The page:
Adding 192,000 jobs in February is the first time since the Great Recession that payrolls have seen anything like a normal expansion. But it takes 160,000 jobs or so just to keep up with the natural growth of the labor force, so this is nothing like the 300,000-plus net new jobs we need to be seeing. It also missed expectations of a 200,000 job gain.
Recall that January numbers were kept down by bad weather, so the two-month average is only 128,000. At this rate, it will take until 2019 to return to pre-recession employment levels. Also, low labor force participation, at a 25-year low, is what drove down the unemployment rate. Economist Heidi Shierholz of the Economic Policy Institute comments:
Remarkably, despite payroll job growth over the last year, the labor force is now smaller than it was a year ago (by 312,000 workers), despite the fact that the working-age population grew by 1.9 million. Consequently, the proportion of the population in the labor force — i.e., people who are working or unemployed — dropped by 0.6 percentage points over the same period. This is comparable to the drop in unemployment. If the labor force participation rate had held steady over the last year, there would be roughly 1.5 million more workers in the labor force right now. These workers are instead on the sidelines.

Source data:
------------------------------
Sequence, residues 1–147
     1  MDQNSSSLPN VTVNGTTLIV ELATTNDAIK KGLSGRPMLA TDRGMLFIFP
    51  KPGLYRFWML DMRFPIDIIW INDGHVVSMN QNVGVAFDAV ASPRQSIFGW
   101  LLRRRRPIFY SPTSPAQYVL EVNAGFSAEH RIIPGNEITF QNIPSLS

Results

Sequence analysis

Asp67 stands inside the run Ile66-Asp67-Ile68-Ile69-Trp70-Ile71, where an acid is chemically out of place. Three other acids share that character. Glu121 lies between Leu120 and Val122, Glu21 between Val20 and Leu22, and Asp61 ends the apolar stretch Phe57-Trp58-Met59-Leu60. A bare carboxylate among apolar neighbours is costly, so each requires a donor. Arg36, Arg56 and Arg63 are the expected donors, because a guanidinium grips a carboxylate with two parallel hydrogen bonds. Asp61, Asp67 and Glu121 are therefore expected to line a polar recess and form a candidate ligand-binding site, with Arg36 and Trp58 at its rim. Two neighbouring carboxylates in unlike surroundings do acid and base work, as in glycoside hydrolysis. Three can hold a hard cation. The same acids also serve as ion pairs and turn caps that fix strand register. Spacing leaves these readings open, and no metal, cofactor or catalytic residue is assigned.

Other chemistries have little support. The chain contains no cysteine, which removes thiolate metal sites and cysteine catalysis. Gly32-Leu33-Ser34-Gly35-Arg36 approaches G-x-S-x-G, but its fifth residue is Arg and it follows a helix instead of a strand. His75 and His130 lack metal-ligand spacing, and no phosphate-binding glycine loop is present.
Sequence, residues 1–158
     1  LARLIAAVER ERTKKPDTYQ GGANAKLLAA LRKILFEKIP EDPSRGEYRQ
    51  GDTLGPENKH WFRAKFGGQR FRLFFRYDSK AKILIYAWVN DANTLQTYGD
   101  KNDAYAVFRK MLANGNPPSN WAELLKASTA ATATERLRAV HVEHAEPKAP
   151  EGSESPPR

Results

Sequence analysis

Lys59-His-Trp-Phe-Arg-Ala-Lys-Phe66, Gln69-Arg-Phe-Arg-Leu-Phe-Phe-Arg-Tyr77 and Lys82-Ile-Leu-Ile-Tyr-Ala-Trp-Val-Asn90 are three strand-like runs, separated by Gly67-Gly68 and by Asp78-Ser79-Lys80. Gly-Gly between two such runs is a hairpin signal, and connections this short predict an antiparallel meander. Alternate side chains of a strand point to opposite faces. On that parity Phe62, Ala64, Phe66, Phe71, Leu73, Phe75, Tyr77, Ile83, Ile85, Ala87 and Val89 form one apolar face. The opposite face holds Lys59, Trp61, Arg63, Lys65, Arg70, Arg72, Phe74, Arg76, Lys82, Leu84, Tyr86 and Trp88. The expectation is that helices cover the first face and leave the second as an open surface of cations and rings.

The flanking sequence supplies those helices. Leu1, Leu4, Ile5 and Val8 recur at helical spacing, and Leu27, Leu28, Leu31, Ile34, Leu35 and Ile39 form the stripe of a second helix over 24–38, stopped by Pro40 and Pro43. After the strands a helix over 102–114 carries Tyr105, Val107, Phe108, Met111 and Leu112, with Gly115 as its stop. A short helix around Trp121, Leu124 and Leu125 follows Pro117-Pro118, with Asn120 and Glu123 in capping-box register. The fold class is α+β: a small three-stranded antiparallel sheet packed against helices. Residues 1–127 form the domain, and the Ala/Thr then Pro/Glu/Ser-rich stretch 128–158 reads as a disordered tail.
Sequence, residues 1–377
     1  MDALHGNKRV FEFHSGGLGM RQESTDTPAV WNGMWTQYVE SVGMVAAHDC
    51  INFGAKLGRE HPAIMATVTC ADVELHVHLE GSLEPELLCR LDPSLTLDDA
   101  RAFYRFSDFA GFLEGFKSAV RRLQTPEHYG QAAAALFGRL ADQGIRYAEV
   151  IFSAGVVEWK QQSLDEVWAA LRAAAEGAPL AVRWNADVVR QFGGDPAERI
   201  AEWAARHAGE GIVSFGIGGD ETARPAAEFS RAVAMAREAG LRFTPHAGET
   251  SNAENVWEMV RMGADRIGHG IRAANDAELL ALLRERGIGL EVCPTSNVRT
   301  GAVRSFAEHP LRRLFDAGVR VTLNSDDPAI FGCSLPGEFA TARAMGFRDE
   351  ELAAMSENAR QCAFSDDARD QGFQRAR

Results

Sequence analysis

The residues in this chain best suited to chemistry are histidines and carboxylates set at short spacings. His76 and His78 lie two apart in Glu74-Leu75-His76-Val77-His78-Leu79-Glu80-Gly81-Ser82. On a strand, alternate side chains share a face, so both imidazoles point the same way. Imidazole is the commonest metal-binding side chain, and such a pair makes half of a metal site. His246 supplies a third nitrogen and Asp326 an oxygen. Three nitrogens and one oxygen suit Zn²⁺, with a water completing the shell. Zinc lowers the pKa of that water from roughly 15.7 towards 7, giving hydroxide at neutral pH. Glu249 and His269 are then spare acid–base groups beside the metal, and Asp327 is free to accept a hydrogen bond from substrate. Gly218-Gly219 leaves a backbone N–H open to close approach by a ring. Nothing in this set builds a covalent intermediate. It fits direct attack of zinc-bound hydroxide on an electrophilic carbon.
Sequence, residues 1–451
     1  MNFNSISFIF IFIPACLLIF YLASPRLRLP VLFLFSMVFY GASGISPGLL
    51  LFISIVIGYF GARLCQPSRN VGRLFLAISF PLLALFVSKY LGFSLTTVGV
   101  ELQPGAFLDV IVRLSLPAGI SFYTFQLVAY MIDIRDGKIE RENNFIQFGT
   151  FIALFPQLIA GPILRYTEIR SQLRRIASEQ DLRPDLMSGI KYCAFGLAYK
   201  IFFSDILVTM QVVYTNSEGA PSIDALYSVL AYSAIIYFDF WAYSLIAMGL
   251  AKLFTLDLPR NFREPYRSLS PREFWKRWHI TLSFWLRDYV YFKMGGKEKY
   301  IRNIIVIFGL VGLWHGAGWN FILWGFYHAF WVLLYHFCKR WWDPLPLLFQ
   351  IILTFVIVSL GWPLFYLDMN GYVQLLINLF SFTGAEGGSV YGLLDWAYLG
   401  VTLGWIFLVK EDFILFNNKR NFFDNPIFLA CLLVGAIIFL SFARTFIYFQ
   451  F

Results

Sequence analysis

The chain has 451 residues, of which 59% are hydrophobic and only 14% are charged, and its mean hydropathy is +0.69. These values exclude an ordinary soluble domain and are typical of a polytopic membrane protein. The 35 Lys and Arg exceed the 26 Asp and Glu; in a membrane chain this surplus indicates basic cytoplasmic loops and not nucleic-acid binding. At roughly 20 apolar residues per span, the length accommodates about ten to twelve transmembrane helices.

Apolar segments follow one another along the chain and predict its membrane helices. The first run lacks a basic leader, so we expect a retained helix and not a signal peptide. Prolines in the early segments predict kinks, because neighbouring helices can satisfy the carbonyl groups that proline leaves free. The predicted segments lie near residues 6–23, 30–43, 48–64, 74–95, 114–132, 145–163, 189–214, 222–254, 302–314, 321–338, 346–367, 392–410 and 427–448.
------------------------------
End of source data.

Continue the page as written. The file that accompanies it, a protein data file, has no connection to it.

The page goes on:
Falling public sector employment, along with the undertone of a vicious attack on public servants and the private sector not picking up the slack, is one factor working against better employment numbers. Another danger: Rising oil prices; I’ll be writing on this in Sunday’s Seattle Times.
So second gear is better than first. But can we shift into third, or even stay in second?
Today’s Econ Haiku:
The rain in Bahrain
Falls mainly on the Saudis
I think we’ve got it